If you have decided that 2012 is the year to include more beans in your diet

If you have decided that 2012 is the year to include more beans in your diet

Cookbook authors help you put the power of legumes into your diet

If you have decided that 2012 is the year to include more beans in your diet, you may want to consider perusing Spilling the Beans, a cookbook written by Calgary based food writer Julie Van Rosendaal and her long time friend, Sue Duncan.

If you have decided that 2012 is the year to include more beans in your diet, you may want to consider perusing Spilling the Beans, a cookbook written by Calgary based food writer Julie Van Rosendaal and her long time friend, Sue Duncan.

Trying to encourage more people to get on the “beaner bandwagon,” this book boasts everything the modern cook needs to know about preparing and cooking with beans and grains.

“Nobody is perfect,” Rosendaal and Duncan write, “but in the food world, beans are about as close as you can get. All legumes — beans, chickpeas, peas, and lentils — are high in fibre, protein, iron, niacin and folate. They’re low in fat, cholesterol-free, plus they are very versatile, environmentally friendly, and cheap.”

Though kitchens around the world are well versed when it comes to incorporating beans in their daily diets, they are still a mystery to the average North American cook.

“Give someone a chicken or a pound of ground beef and dinner ideas immediately come to mind, but the same does not seem to apply to chickpeas or lentils, particularly in their dry state,” they write. “The process of soaking and simmering seems daunting, even though it requires less culinary skill than cooking rice or pasta.”

With so many varieties of bean waiting to be eaten, the difficult choice is committing to one. Then there is the quandary of canned versus dry. According to the authors, both are the same. Canned beans are quick and convenient and they also tend to be softer making them ideal if you want to puree them into the hidden ingredient in baked goods. The only drawback of canned beans is that they could have a high sodium content, but that can be easily remedied by rinsing and draining them well.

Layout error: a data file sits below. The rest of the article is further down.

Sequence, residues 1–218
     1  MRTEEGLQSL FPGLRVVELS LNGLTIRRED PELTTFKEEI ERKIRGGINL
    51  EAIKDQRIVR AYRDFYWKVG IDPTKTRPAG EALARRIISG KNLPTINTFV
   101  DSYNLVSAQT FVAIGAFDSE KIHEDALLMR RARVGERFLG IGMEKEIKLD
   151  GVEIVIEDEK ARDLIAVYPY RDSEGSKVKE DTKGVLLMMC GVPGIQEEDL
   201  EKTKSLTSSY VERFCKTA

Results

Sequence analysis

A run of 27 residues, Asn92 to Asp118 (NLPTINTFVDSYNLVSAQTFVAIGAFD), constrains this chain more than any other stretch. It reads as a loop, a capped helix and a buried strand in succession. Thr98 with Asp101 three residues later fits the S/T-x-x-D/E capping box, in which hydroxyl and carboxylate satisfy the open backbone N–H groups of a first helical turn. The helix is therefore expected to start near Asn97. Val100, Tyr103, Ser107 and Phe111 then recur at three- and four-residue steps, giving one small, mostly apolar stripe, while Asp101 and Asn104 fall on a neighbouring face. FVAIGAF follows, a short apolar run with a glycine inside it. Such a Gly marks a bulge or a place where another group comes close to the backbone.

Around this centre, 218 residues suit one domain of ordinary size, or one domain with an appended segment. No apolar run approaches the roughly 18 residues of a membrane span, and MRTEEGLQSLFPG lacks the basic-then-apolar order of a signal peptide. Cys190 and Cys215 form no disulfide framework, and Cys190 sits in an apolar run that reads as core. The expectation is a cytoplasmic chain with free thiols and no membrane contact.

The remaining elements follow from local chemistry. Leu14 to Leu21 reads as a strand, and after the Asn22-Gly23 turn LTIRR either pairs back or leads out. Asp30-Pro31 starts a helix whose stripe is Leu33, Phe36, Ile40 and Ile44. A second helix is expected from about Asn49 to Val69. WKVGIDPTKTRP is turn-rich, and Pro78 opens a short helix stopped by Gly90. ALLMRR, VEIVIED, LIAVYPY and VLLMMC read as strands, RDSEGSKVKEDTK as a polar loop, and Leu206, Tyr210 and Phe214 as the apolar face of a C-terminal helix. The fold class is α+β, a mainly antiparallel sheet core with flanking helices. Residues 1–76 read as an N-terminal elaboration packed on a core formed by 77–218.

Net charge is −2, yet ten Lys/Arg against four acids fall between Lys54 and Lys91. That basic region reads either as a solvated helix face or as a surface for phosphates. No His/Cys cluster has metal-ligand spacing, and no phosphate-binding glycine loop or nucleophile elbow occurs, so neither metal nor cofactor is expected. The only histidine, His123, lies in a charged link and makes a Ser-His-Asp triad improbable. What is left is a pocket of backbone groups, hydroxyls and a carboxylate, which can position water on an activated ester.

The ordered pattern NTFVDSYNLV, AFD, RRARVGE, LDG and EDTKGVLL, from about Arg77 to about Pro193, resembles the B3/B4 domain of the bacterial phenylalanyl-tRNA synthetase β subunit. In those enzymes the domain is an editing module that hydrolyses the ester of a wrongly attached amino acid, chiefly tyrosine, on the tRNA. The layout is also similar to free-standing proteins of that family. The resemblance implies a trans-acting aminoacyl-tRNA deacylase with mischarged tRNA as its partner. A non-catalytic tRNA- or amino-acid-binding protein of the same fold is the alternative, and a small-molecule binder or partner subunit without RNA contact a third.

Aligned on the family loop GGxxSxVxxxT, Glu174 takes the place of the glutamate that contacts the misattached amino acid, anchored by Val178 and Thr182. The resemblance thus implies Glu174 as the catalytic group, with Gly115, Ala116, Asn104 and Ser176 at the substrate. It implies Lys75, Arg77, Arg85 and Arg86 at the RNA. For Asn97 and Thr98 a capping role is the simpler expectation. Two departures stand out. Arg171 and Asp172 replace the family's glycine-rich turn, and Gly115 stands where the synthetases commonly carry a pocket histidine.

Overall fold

If you like the idea of getting the most bang for your buck then dry beans are the best bet.

To some, cooking dry beans seems like a daunting task but Rosendaal and Duncan write, “It’s really not that big a deal. All you need to do is boil them until they’re tender —that’s really about it.” Pre-soaking does reduce the cooking time. There’s a couple of different ways to do this.

Long soak — Put desired amount of beans in a stockpot with enough water to cover them, and soak for 6-8 hours or overnight if you prefer.

Quick soak — Bring sufficient amount of water (enough to cover the desired quantity of beans) to a boil. Add beans and return to a boil. Remove from heat, cover, and set aside at room temperature for 2-3 hours.

After the soak, simply cook the beans in enough water to cover the beans a couple inches deep, until they are tender. If you want to skip the soaking step and not babysit the beans while cooking, the beans can also be cooked in the slow cooker on low for 6 to 8 hours.

In my household, if the kids see any beans in a dish, it is instant dislike. Spilling the Beans, however, has some kid-favourite recipes using beans as the hidden ingredient. Canned white beans, which have no taste, can be pureed into a smooth paste. Include them in pancakes, waffles, cinnamon buns, breads and pizza. It’s a sure way to get more healthful foods into children’s diets.

Recipes like Jamaican red beans and rice, chickpea masala sandwich, white bean vichyssoise, pulled pork and beans are sure to excite those that are long time lovers of beans and create an addiction for those just starting out.

Spilling the Beans also has a whole section on how to add healthy fibre to your favourite desserts. An entire segment on baking delicious desserts with beans amps up cakes, bars, and cookies with flavour and fibre.